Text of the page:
“Growing up I always knew I was Aboriginal but because my great-grandmother was part of the Stolen Generation and was taken to Cootamundra Girls Home, the traditional stories and methods of my mob were not passed down.”
Ngiyampaa woman Sarah Richards has not always felt connected to her Aboriginal heritage, but in recent years she has been able to create her own stories through traditional art; and find her place in her community through her work with PwC’s Indigenous Consulting (PIC) firm.
Established in 2013, PIC is majority owned by Indigenous leaders and maintains a target of at least 60% Indigenous employees.
“We walk between the two worlds. We work with government, and with our communities to make sure that everyone who is impacted by a potential policy has a voice and is not being dictated by what government wants to happen.”
Sarah started with PIC as a consultant (or as she prefers to all it “a problem-solver”) and is now the operations manager.
“I used to work in government and I was the only Aboriginal person; now I am surrounded by other Indigenous people who I share common experiences and history with.”
When she’s not working to create change through her career, Sarah is a contemporary self-taught artist.
“I chose to make peace with my lack of knowledge of traditional stories and instead, I decided to move forward by telling my own stories and incorporating them into my art. I also enjoy interpreting other people’s and organisation’s journeys through my art.”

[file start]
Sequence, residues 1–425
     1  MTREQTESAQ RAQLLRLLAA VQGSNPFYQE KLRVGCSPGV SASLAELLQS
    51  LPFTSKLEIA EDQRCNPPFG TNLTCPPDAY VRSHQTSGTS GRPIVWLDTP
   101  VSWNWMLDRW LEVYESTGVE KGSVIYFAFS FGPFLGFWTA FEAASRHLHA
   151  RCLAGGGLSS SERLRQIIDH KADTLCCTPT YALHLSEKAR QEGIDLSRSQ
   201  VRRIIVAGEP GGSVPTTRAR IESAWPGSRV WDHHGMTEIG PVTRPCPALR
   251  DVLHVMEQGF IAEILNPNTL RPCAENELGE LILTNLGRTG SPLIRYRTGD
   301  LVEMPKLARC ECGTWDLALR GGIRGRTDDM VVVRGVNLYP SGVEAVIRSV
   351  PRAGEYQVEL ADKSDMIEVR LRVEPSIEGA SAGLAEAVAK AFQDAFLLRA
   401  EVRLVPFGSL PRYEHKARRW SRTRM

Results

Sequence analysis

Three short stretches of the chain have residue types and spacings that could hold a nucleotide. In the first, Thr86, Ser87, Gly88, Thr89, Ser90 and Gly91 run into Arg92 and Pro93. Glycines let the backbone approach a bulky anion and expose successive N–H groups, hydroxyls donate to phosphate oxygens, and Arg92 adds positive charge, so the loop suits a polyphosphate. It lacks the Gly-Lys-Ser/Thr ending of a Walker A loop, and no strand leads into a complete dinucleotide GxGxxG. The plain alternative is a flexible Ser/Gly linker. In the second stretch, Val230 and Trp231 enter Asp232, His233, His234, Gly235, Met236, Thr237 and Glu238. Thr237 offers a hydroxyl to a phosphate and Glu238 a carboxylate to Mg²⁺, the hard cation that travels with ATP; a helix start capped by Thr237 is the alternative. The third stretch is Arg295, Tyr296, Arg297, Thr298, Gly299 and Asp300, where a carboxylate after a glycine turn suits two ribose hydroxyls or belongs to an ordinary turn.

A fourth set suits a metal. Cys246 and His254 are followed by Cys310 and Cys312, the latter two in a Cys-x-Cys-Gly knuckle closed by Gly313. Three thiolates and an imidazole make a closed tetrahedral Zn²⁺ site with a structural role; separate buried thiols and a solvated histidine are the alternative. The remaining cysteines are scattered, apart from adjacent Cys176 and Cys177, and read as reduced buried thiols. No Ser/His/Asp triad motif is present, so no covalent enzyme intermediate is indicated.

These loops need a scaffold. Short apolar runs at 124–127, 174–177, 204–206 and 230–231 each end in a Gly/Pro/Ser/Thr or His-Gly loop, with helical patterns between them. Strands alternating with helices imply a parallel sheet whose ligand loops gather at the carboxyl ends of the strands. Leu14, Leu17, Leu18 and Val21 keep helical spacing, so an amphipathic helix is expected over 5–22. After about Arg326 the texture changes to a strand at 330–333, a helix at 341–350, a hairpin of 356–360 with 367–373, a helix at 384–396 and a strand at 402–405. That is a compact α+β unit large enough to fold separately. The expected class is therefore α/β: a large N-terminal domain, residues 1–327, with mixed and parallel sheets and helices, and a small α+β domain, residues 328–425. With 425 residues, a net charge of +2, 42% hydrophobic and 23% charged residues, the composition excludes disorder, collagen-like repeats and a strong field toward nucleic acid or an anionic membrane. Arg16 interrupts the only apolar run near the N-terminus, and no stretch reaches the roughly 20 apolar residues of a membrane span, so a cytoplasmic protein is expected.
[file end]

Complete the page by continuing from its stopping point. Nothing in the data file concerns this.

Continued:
Sarah was recently commissioned to create the artwork for PwC’s Reconciliation Action Plan (RAP); she has also created pieces for Palliative Care Australia and CPA Australia.
PIC and PwC Australia’s Reconciliation Action Plan (RAP) 2019-2023 was awarded the highest endorsement — Elevate — from Reconciliation Australia. The RAP includes hiring 100 Aboriginal and Torres Strait Islander peoples into our firm, committing a certain amount of contestable spend to Indigenous businesses and a pilot program which aims to fast-track growth for 15 Indigenous businesses in Victoria. PwC Australia has also collaborated with the Murra Alumni of the Melbourne Business School to provide $30,000 worth of skills and expertise to a winning Indigenous business in support of future growth.
The name of Sarah's art business — Marrawuy Journeys — is a nod to her people and culture.
“Marrawuy in my ancestors’ language of the Wongaibon people means red kangaroo. I have a family tree that shows that the totem of one of my ancestors was a red kangaroo and this is one of the reasons I have chosen to go by Marrawuy Journeys. The other is the fact that a Kangaroo can’t jump backwards. This resonates strongly with me because no matter what challenges I am thrown, I keep moving forward."
Want to create your career with PwC? Here's Sarah's advice:
“It’s really important to have a growth mindset and always be willing to learn. You also need to just give things a go. What I wish I had been told when I was younger, and I always remind myself even now, is — if you don’t ask the question then the answer will always be no.”
Get started on your journey here.
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